Also in the thirties, Fauset served as president of the Philadelphia Council of the NNC as well as its national vice president. He left the organization when he felt it was not addressing the issues most important to African Americans. Fauset did not align himself with the leftist political wing of the group, but the influence of the Com-munist Party in the NNC led to problems in his pursuit of opportunities later.
Starting in the late 1930s, Fauset had a regular column in the Philadelphia Tribune called "I Write as I See." He also wrote short pieces published in the Philadelphia Independent. After the United States entered World War II, he volunteered for the army despite being well beyond the draft age. In addition to believing in the rightness of the cause, he was also eager to obtain first-hand experience in order to fight segregation in the military. He attended the Officers Training School and the Administrative School in Iowa, but he was not commissioned as a second lieutenant as expected. His activism, especially his association with the NNC, was the probable reason. He nonetheless received an honorable discharge.
Upon his return to Philadelphia in 1943, Fauset continued his work to improve conditions for blacks. He joined the United Peoples' Action Committee, a civil rights organization, and served as its chairman until 1946. He also edited The People's Voice, a Philadelphia edition of the New York-based publication co-founded by Adam Clayton Powell.
After 1946, he traveled abroad, spending time in Europe and in Egypt. He lived for a year in Mexico, an experience which prepared him to educate Spanish speakers later. He lived in New York City beginning in the 1950s. In the era of McCarthyism, his association with the NNC and with the United Peoples' Action Committee (also considered radical for the time) led to Fauset's being expelled from the New York Public School system in 1960. Fauset continued to teach in New York, and that city was his home base into the 1960s and 1970s. However, he did not hold any long-term positions. It was during this period that he taught English at the Spanish American Institute. He also founded a school designed to teach English and business basics to Spanish speakers. Insufficiently funded, the school did not last long.
Engages in Research and Creative Writing
Fauset's initial research and publications were in folklore, a focus which grew out of his anthropological studies. In the summer of 1923, he collected folklore in Nova Scotia. The project was developed through his work with Dr. Frank G. Speck, his advisor and chairman of the Department of Anthropology at the University of Pennsylvania. Dr. Elsie Clews Parsons, an intrepid pioneer in the folklore studies, sponsored the project and served as a mentor both on and off site.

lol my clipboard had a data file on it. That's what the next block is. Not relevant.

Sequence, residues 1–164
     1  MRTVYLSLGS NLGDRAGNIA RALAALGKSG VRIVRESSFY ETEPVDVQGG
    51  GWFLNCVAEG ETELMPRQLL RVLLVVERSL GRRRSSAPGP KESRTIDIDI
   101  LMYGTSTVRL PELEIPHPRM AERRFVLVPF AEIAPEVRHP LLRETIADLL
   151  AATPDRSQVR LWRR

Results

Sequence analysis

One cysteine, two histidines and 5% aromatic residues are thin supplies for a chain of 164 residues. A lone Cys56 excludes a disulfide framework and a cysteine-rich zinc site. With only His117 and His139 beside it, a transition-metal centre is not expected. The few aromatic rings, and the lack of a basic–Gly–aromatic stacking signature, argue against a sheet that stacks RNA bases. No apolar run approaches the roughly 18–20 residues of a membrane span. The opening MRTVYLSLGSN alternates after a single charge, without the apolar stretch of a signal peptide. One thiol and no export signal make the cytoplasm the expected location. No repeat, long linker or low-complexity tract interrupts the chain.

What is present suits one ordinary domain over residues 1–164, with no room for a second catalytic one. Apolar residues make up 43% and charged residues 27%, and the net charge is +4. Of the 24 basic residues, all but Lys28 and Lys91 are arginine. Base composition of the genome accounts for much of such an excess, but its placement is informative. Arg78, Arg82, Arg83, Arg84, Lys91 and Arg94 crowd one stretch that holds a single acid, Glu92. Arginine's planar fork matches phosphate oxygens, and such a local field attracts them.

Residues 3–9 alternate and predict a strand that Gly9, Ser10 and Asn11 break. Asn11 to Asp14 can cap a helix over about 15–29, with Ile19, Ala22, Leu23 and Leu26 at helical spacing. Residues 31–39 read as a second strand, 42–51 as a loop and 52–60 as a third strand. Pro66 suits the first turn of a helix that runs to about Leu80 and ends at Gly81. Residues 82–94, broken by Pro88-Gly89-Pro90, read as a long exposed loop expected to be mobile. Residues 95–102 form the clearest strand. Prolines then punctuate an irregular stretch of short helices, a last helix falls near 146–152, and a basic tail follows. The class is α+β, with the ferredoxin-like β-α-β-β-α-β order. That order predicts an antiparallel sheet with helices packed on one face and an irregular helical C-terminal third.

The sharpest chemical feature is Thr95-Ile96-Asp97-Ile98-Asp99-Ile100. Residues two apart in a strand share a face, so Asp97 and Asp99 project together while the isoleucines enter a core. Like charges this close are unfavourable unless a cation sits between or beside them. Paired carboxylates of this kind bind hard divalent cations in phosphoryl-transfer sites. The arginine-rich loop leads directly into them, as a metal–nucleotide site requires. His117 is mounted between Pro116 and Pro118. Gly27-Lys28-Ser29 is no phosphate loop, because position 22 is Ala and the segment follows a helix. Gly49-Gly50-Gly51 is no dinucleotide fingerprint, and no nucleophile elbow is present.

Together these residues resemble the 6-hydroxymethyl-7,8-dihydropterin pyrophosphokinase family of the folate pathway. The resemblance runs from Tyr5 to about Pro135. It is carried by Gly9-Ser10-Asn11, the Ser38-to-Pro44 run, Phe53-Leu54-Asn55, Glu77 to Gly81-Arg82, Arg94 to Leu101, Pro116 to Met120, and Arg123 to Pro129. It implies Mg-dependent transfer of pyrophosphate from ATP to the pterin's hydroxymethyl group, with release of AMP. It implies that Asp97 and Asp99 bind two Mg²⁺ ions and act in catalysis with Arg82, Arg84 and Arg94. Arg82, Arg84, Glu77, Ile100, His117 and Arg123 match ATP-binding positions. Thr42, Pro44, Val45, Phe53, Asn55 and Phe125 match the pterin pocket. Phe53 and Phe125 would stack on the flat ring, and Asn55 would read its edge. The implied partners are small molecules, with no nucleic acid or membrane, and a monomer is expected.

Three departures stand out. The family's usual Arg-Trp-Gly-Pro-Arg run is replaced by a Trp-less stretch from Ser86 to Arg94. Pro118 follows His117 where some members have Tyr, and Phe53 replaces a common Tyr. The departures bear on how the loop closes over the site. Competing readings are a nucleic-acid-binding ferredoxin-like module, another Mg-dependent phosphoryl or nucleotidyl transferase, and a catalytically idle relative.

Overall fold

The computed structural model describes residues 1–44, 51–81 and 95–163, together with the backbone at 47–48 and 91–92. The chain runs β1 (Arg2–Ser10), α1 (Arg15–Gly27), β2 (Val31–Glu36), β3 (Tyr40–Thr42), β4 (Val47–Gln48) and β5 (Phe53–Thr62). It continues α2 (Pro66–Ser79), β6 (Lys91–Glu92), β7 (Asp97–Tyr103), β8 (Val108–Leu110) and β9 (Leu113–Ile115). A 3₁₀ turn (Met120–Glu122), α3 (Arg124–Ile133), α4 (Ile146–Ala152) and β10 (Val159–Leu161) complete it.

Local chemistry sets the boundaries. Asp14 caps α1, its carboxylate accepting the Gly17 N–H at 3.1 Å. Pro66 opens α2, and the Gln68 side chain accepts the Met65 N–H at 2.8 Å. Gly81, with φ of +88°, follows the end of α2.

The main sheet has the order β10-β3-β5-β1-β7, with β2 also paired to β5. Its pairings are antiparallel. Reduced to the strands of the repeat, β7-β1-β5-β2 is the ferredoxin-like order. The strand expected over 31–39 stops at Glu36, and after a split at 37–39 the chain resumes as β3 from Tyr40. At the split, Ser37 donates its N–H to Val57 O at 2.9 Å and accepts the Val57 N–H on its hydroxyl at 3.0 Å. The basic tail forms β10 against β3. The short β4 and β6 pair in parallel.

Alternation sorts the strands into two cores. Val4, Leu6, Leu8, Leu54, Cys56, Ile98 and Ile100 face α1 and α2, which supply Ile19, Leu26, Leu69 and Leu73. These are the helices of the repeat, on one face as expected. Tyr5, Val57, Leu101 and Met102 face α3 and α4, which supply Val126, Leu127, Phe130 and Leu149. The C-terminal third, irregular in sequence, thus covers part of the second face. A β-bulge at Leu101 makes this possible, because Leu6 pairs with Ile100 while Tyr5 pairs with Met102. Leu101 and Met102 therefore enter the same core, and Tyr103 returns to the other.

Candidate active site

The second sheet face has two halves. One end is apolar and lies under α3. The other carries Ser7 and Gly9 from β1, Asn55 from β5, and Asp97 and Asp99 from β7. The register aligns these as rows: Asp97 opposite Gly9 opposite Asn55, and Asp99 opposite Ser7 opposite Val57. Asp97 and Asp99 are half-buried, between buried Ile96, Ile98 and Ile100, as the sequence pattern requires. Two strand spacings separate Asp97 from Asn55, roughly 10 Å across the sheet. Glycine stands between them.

The research provided the basis for Fauset's M.A. thesis in anthropology. It also resulted in his article, "Folklore from the Half-Breeds in Nova Scotia," published in Journal of American Folklore in 1925, as well as the basis for his Folklore of Nova Scotia, published in 1931. Fauset focused on collecting stories told by Negroes or descendants of Negroes who had settled in Nova Scotia in previous generations. He reported finding few carryovers with the folklore of blacks in the United States, a major reason being that wide and thin distribution of blacks in Nova Scotia. Fauset learned personally that prejudice based on color was present in Nova Scotia when he had difficulty securing lodging and other services.
Also in the 1920s, Fauset gathered folklore in Philadelphia and in the deep South (Alabama, Mississippi, and Louisiana), and he visited the British Islands of the Lesser Antilles. In 1922, he published "A Tale of the North Carolina Woods" in Crisis. In 1925, his "The Negro's Cycle of Song—A Review" was published in Opportunity. His article "Tales and Riddles Collected in Philadelphia" was published in 1928 in Journal of American Folklore. His other articles dealing with folk tradition include "Jumby," which drew on his travel to the West Indies, published in Ebony and Topaz (1927), and "Safe in the Arms of Jesus" published in Opportunity (1929).
The folklore research is relevant to Fauset's links to the Harlem Renaissance. Alain Locke, a key spokesperson for the Renaissance, was also a native of Philadelphia and a friend of the Fauset family. Locke had encouraged Fauset to obtain a college degree even though Fauset had already started his full-time career in the public schools. Aware of Fauset's folklore research, Locke solicited two selections for inclusion in The New Negro: An Interpretation (1925), edited by Locke. Fauset's contributions are "American Negro Folk Literature" and "Negro Folk Lore: A Bibliography."